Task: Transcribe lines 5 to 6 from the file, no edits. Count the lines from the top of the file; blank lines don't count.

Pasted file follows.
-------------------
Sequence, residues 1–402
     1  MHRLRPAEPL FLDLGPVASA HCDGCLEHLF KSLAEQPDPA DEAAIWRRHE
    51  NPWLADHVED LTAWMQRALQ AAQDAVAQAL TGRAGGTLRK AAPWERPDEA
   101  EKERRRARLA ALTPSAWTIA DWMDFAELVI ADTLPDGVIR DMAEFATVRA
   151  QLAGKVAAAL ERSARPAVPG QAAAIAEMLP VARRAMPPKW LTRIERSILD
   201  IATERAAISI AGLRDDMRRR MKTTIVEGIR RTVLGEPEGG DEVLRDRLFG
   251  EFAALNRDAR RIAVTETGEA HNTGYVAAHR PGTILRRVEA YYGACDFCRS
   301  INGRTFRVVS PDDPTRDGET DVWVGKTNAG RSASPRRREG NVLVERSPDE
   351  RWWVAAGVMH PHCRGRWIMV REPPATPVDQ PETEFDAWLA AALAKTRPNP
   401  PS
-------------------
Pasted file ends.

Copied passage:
   151  QLAGKVAAAL ERSARPAVPG QAAAIAEMLP VARRAMPPKW LTRIERSILD
   201  IATERAAISI AGLRDDMRRR MKTTIVEGIR RTVLGEPEGG DEVLRDRLFG